USDA and HHS announce new Dietary Guidelines
by | January 30, 2011
WASHINGTON -- Secretary of Agriculture Tom Vilsack and Secretary of Health
& Human Services Kathleen Sebelius announced Jan. 31 the release of the
2010 Dietary Guidelines for Americans, the federal government's evidence-
based nutritional guidance to promote health, reduce the risk of chronic
diseases, and reduce the prevalence of overweight and obesity through
improved nutrition and physical activity.
Because more than one-third of children and more than two-thirds of adults
in the United States are overweight or obese, the seventh edition of Dietary
Guidelines for Americans places stronger emphasis on reducing calorie
consumption and increasing physical activity.
"The 2010 Dietary Guidelines are being released at a time when the majority
of adults and one in three children is overweight or obese and this is a crisis
that we can no longer ignore," Secretary Vilsack said in a Jan. 31 press
release. "These new and improved dietary recommendations give individuals
the information to make thoughtful choices of healthier foods in the right
portions and to complement those choices with physical activity. The bottom
line is that most Americans need to trim our waistlines to reduce the risk of
developing diet-related chronic disease. Improving our eating habits is not
only good for every individual and family but also for our country."
The new duidelines focus on balancing calories with physical activity, and
encourage Americans to consume more healthy foods like vegetables, fruits,
whole grains, fat-free and low-fat dairy products, and seafood, and to
consume less sodium, saturated and trans fats, added sugars and refined
"Helping Americans incorporate these guidelines into their everyday lives is
important to improving the overall health of the American people," Secretary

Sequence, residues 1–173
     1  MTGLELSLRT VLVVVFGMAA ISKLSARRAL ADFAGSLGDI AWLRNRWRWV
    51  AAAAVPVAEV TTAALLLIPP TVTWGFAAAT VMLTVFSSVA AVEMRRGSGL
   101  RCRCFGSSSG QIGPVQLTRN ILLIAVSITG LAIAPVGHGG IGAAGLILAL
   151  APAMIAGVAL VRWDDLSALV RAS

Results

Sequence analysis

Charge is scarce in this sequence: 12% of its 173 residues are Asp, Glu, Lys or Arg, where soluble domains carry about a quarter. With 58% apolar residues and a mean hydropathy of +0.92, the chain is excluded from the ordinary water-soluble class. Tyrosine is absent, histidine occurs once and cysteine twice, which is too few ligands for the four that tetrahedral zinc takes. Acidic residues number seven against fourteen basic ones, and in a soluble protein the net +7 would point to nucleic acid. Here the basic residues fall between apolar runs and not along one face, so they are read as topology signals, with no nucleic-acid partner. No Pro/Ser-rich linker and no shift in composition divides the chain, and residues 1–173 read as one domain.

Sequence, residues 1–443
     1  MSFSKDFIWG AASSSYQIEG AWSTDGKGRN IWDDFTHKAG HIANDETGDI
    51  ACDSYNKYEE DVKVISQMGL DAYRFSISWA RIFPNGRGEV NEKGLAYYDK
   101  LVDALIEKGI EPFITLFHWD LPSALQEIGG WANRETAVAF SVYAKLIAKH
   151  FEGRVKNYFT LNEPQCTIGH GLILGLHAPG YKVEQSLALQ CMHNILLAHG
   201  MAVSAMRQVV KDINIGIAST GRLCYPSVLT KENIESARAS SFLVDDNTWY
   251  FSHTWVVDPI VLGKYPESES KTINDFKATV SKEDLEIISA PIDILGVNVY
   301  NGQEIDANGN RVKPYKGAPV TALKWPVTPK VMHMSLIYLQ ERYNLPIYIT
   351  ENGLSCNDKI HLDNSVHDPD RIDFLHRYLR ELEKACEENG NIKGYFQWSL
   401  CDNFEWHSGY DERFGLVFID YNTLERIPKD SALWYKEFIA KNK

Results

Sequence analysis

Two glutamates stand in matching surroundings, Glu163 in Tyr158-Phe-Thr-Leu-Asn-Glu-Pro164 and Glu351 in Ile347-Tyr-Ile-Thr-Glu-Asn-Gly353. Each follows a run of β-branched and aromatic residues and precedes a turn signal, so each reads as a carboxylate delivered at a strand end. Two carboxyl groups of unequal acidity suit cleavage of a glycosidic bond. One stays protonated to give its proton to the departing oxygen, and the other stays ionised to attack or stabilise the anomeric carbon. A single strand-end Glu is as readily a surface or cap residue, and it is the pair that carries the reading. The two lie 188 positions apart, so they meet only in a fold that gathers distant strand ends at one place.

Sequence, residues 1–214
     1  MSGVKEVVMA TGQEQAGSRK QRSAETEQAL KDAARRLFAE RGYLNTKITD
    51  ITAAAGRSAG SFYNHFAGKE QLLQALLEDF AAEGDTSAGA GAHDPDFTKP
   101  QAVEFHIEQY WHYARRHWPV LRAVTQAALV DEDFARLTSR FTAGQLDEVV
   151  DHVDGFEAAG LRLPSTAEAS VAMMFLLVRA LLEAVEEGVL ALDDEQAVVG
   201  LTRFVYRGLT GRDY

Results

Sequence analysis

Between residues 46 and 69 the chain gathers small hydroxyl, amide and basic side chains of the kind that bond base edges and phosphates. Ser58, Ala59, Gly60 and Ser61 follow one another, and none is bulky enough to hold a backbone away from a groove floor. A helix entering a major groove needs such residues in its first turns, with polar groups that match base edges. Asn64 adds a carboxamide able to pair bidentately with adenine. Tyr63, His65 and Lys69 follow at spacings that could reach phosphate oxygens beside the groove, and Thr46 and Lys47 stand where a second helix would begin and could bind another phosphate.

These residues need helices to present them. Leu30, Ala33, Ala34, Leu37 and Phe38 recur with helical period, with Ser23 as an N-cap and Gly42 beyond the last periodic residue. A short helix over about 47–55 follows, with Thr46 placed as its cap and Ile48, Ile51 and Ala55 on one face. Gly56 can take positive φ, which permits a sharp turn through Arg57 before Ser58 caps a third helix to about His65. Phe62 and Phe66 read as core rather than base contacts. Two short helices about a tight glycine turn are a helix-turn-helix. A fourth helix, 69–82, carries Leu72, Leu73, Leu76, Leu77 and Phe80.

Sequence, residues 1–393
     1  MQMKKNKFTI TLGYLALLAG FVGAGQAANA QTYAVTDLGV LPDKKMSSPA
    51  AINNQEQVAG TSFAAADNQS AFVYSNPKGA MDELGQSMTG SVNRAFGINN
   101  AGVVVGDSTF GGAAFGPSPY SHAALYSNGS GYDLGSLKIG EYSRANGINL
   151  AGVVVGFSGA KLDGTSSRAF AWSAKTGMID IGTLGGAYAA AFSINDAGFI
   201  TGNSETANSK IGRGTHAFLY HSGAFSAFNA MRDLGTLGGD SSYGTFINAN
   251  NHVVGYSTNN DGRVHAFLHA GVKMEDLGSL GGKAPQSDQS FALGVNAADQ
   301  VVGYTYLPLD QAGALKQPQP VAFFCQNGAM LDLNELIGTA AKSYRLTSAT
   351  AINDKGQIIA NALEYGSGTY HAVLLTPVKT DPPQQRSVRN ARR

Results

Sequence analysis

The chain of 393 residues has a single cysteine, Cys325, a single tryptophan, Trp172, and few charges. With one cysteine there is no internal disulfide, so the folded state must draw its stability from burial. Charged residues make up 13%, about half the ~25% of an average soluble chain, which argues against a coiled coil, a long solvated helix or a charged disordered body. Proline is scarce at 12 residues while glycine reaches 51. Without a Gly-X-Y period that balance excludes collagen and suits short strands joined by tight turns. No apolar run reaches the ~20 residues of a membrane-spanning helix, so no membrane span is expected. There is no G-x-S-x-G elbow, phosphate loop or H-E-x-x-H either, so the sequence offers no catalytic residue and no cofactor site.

Sebelius said in the release. "The new Dietary Guidelines provide concrete
action steps to help people live healthier, more physically active and longer
The 2010 Dietary Guidelines for Americans include 23 key recommendations
for the general population and six additional key recommendations for
specific population groups, such as women who are pregnant. Key
recommendations are the most important messages within the guidelines in
terms of their implications for improving public health. The recommendations
are intended as an integrated set of advice to achieve an overall healthy eating
pattern. To get the full benefit, all Americans should carry out the Dietary
Guidelines recommendations in their entirety.
More consumer-friendly advice and tools, including a next-generation Food
Pyramid, will be released by USDA and HHS in the coming months.
This edition of the Dietary Guidelines comes at a critical juncture for
America's health and prosperity. By adopting the recommendations in the
Dietary Guidelines, Americans can live healthier lives and contribute to a
lowering of health-care costs, helping to strengthen America's long-term
economic competitiveness and overall productivity, according to the release.
USDA and HHS have conducted this latest review of the scientific literature,
and have developed and issued the seventh edition of the Dietary Guidelines
for Americans in a joint effort that is mandated by Congress. The guidelines
form the basis of nutrition education programs, federal nutrition assistance
programs such as school meals programs and Meals on Wheels programs for
seniors, and dietary advice provided by health professionals.
The Dietary Guidelines, based on the most sound scientific information,
provide authoritative advice for people 2 years and older about how proper
dietary habits can promote health and reduce risk for major chronic diseases.
The Dietary Guidelines aid policymakers in designing and implementing
nutrition-related programs. They also provide education and health
professionals, such as nutritionists, dietitians, and health educators with a
compilation of the latest science-based recommendations. A table with key
consumer behaviors and potential strategies for professionals to use in
implementing the Dietary Guidelines is included in the appendix.
The Florida Fruit & Vegetable Association applauded the new guidelines for
their emphasis on fruits and vegetables.
The association said in a separate press release that "eating more fruits and